Rents have continued to increase this year at the rate of 3-5% year on year since majority of the office buildings with high rental rates have been occupied. CBRE expects rents to continue to increase in the near future but at a slower pace.
Bangkok Retail Market
Across the board, the Thai retail industry has remained stagnant this year as Thailand faces a period of low sentiment and a decrease in spending power. CBRE says this is due to the increase in household debt. The Consumer Confidence Index hit its lowest point in 39 months, dropping by 10% year on year. In addition, the household debt was reported to have broken a new record since 2017 at nearly 79% of total GDP.
In the second half of 2019, the government has launched new policies and campaigns to stimulate domestic spending including welfare cards, interest rate cut, and the “Chim-Shop-Chai” (Eat-Shop-Spend) scheme where the government gives away e-money and tax breaks for domestic travellers.
Bangkok’s total retail supply, as of Q3 2019, was 7.8 million square metres, increasing by 4.39% year on year. Notable projects completed in this year include The Market Bangkok, Donki Mall, Samyan Mitrtown and Bangkok’s first outlet mall, Central Village.
CBRE says that not only have offline retailers moved towards omni-channel retailing, many new online retailers have also been expanding into offline outlets in physical retail space as showrooms and ‘click & collect’ points.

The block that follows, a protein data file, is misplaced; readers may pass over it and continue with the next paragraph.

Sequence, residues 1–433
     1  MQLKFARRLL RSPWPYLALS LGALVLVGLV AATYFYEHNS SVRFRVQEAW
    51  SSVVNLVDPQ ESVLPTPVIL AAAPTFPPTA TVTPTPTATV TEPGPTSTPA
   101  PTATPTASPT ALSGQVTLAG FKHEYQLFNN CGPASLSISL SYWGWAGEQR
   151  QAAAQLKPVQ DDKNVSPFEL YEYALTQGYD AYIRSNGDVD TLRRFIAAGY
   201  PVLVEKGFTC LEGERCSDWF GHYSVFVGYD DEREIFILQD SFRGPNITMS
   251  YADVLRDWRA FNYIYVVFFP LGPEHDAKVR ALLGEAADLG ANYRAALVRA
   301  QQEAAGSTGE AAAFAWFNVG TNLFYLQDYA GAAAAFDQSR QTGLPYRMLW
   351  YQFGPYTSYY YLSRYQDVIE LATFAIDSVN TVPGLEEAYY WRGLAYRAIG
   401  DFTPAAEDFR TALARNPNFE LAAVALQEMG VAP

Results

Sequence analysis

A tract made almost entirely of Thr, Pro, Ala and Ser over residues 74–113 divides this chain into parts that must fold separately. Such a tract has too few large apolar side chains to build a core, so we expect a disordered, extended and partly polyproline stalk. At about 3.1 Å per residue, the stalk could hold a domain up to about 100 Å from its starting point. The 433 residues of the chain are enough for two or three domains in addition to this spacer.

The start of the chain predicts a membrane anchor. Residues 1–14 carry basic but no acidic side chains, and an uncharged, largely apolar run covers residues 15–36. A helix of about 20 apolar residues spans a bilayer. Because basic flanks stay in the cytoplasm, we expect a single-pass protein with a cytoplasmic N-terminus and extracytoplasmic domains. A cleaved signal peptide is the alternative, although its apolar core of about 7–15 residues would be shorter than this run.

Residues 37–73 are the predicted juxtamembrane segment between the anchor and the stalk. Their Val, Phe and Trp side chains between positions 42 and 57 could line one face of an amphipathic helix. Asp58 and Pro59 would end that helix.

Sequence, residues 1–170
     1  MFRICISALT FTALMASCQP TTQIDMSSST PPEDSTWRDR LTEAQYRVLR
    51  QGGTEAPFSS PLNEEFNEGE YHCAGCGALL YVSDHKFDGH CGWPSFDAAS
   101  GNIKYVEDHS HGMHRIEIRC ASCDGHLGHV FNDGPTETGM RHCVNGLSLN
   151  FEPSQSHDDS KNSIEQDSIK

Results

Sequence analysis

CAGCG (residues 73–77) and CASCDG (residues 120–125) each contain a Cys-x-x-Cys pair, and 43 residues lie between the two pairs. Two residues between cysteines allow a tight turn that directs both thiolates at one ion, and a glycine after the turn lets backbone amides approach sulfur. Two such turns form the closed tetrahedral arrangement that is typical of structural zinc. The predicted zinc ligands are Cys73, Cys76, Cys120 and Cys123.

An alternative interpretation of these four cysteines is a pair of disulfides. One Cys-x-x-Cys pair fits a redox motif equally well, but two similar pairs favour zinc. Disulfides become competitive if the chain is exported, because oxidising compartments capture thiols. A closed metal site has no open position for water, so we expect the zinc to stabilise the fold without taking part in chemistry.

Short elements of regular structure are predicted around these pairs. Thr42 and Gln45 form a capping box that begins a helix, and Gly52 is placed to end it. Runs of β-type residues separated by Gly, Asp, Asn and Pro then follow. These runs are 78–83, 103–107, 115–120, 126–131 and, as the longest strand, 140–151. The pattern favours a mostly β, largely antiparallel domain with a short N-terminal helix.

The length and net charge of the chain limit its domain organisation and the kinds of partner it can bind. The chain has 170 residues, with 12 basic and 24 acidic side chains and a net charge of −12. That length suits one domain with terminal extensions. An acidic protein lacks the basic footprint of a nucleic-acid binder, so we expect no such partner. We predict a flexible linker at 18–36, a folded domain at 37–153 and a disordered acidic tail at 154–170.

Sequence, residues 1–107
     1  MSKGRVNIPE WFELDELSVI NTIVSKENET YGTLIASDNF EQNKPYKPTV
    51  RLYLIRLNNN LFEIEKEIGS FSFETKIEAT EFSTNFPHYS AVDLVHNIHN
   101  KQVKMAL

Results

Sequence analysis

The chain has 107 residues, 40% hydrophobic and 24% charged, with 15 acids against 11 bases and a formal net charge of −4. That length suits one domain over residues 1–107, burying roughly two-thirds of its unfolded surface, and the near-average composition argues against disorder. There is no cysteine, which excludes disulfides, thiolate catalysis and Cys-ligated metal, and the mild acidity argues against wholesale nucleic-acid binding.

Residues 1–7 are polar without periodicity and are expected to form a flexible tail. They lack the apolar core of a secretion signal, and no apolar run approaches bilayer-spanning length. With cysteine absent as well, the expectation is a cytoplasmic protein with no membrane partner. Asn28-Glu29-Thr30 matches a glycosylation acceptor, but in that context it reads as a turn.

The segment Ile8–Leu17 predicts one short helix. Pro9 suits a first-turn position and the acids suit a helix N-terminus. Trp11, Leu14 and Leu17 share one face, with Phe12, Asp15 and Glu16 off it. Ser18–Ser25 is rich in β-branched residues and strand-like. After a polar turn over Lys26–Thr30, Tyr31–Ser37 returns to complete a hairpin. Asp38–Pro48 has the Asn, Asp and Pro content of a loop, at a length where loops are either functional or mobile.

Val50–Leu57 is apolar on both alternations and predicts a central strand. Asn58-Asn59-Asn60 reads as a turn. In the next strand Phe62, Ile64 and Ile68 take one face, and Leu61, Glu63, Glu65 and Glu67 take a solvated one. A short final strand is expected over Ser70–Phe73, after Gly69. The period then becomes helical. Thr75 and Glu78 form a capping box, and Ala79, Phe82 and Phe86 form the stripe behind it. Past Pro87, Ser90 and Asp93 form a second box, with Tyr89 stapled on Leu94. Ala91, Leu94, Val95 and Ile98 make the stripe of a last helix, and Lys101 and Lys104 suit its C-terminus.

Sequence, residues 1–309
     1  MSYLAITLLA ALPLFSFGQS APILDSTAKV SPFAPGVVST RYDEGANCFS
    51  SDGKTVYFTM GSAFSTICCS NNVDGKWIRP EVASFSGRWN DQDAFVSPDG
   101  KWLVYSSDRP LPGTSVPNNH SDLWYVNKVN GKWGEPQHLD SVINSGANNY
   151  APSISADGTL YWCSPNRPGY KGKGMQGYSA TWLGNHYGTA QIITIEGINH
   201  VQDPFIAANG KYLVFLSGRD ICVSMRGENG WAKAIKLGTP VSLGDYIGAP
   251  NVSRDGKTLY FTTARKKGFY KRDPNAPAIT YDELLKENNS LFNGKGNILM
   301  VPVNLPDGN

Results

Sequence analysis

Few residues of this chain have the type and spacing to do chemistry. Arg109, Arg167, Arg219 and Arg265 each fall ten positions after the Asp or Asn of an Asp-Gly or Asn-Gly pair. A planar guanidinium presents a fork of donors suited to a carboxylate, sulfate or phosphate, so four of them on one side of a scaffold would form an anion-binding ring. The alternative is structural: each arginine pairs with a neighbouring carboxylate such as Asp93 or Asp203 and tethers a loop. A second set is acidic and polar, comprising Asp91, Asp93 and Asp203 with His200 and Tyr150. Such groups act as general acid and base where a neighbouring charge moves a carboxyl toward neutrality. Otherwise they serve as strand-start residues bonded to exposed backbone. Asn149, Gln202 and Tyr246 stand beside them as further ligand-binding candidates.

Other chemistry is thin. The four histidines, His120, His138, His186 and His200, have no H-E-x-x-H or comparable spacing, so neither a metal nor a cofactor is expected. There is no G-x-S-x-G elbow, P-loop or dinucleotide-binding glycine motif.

“In order to survive in a market with a large number of future retail supply in the pipeline, retail developers will need to embrace the fast-moving technology and create new unique selling points for their retail centres.”
Bangkok Hotel Market
Thai tourism has shown that it is as strong and as resilient as ever. International tourist arrivals for the first nine months of 2019 have increased by 4.3% year on year, reaching 32.5 million. In Q3, the number of Chinese tourists, Thailand’s biggest market feeder, has started to recover with a 17.3% year on year increase, rebounding from its drop last year.
Indian tourists have also shown promising increase, growing by 26.7% year on year. CBRE attributes much of the Indian success to the Visa-on-Arrival campaign and the addition of direct flights by low-cost carriers.
The average occupancy rate of downtown Bangkok hotels for the first nine months of the year, according to STR, was 77.8%, down by 2% when compared to last year.
But CBRE forecast that the Thai baht’s appreciation will continue to be a key challenge to the tourism industry.
To search for the largest selection of properties around Thailand go to FazWaz.comKeep in contact with The Thaiger by following our Facebook page.